The U.S. Court of Appeals for the Tenth Circuit recently confirmed that an attorney did not qualify as a debt collector under the federal Fair Debt Collection Practices Act, where debt collection activities were only an incidental part of the attorney's practice.
A copy of the opinion is available at http://www.ca10.uscourts.gov/opinions/12/12-8076.pdf.
An attorney ("Attorney") filed a debt collection action against a consumer. The consumer filed counterclaims. The Attorney failed to timely respond to the consumer's counterclaims, and the lower court entered a default judgment against the Attorney.
The Attorney then retained another attorney to represent her who, apparently not knowing of the order for default, filed an untimely response to the consumer's counterclaims, and served him with amended initial disclosures, which included an estimate of legal fees. These disclosures were inaccurate, which the Attorney's counsel acknowledged in a later response to the consumer's discovery requests.
The consumer then filed the instant action under the federal Fair Debt Collection Practices Act ("FDCPA"), alleging that the Attorney's counsel's conduct in the debt collection action violated the FDCPA. The Attorney's counsel moved for summary judgment, arguing that she was not a "debt collector" under the FDCPA, and therefore that its provisions did not apply to her. The lower court agreed, and granted the Attorney's counsel's motion. The consumer appealed.
As you may recall, the FDCPA defines "debt collector" as "any person who uses any instrumentality of interstate commerce or the mails in any business the principal purpose of which is the collection of any dates, or who regularly collects or attempts to collect, directly or indirectly, debts owed or due or asserted to be owed or due another." 15 U.S.C. Sec. 1692(a)(6).
The Tenth Circuit noted that the resolution of this matter hinged on what constitutes "regularly" collecting debts for the purposes of the FDCPA, which it described as an issue of first impression. Accordingly, the Tenth Circuit scrutinized the applicable legislative history, and based on that analysis determined that "this much seems clear: [regular collection of debts] cannot be isolated or incidental but must, to varying degrees, be a significant aspect of an attorney's business."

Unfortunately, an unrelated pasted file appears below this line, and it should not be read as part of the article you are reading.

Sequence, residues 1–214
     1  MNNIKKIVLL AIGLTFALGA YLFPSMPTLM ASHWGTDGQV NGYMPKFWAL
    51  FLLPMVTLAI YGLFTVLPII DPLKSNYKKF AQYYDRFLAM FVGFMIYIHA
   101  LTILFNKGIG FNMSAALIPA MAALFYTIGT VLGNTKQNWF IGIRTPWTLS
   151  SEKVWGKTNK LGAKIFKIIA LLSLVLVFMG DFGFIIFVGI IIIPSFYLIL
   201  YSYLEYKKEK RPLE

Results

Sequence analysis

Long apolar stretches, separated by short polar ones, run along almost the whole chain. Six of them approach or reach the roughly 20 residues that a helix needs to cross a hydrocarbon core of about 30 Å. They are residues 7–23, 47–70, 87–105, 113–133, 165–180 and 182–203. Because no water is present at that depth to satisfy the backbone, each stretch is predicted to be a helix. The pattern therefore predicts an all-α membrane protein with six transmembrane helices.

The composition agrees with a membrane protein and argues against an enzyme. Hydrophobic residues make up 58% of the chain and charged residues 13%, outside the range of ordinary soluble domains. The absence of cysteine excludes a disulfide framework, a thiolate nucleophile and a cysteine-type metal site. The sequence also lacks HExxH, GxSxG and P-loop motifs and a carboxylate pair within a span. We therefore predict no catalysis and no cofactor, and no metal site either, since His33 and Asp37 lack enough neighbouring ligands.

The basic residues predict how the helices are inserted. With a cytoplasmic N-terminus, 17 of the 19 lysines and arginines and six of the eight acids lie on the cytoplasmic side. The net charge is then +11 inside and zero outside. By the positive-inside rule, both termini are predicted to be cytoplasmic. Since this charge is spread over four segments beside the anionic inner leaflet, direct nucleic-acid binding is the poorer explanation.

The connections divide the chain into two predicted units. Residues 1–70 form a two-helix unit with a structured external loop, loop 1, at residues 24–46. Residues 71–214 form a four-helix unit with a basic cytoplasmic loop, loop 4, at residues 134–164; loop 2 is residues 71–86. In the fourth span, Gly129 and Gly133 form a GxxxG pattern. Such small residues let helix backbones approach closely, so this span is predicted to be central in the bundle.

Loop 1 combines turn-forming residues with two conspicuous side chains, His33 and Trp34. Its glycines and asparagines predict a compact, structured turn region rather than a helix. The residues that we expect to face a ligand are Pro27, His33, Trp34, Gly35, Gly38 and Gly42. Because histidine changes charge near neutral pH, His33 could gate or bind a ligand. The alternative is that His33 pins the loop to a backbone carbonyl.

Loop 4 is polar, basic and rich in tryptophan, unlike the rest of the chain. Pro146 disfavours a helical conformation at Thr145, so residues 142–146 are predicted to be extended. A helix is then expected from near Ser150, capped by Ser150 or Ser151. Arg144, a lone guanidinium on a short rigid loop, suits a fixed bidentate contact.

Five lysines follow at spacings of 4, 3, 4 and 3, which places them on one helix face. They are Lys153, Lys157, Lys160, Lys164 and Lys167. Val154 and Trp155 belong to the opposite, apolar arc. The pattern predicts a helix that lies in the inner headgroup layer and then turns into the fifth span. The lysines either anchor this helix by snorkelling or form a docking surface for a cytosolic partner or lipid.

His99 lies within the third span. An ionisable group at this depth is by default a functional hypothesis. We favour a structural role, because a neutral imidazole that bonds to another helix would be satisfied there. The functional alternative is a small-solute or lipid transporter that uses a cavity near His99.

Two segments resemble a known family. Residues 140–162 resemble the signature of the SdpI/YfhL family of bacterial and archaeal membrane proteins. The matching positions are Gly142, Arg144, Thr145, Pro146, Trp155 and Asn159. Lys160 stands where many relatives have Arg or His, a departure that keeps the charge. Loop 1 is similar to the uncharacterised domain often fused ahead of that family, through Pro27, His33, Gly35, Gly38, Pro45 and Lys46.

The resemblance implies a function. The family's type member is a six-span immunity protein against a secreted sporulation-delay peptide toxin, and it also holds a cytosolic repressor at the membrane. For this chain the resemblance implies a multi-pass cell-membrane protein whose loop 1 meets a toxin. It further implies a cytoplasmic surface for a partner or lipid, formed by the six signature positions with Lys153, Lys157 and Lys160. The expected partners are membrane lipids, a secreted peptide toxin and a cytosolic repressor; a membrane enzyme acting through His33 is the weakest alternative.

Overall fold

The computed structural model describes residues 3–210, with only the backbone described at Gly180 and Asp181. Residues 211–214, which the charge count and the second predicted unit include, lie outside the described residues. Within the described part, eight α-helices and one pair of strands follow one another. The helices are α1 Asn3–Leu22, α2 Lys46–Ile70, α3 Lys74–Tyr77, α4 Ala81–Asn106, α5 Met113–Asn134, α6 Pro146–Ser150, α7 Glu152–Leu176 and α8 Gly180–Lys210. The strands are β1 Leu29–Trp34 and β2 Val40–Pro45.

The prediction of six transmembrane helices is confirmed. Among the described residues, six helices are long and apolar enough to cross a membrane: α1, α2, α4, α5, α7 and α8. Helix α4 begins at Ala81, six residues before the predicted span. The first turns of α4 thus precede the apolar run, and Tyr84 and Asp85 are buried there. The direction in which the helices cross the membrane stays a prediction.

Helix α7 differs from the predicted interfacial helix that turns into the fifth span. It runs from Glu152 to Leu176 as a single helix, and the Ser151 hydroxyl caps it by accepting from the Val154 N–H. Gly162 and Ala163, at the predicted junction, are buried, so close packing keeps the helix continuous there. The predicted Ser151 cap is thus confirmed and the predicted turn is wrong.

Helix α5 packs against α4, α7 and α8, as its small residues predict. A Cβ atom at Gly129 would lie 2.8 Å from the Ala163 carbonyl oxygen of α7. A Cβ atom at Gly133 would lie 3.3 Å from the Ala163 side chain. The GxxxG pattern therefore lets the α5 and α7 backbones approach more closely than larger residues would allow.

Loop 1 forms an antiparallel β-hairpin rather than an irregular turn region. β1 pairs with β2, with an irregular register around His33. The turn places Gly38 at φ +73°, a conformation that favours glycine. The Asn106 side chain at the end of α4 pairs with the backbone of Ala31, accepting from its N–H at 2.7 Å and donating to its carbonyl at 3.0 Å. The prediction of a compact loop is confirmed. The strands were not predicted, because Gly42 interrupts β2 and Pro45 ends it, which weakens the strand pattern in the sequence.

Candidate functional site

The Tenth Circuit next considered the Second Circuit's analysis concerning how to determine whether debt collection activity is regular. It noted that the Second Circuit determined that the relevant considerations include, among others, "the absolute number of debt collection communities;" "the frequency of such communications and/or litigation activity;" "whether the entity has personnel specifically assigned to work on debt collection activity;" and "whether the entity has systems or contractors in place to facilitate such activity." Goldstein v. Hutton, Ingram, Yuzek, Gainen, Carroll & Bertolotti, 374 F.3d 56, 62-63 (2d Cir. 2004)
The Tenth Circuit adopted the Second Circuit's standard, and held that "courts must consider these factors in determining whether an attorney or law firm 'regularly' engages in debt collection..."
With that standard in place, the Tenth Circuit had little difficulty in affirming the lower court's decision. To reach that conclusion, the Tenth Circuit relied on the Attorney's counsel's affidavit indicating that matters related to debt collection constitute a small fraction of her caseload, and that the Attorney's counsel had no employees hired for the purpose of debt collection. Therefore, the Tenth Circuit noted that "[t]he record does not demonstrate that [the Attorney's counsel] engages in debt collection with any sort of regularity..."
Accordingly, the Tenth Circuit held that the Attorney's counsel "does not qualify as a 'debt collector' under the FDPCA," and affirmed the lower court's ruling.
Ralph T. Wutscher
McGinnis Wutscher Beiramee LLP
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Chicago, Illinois 60602
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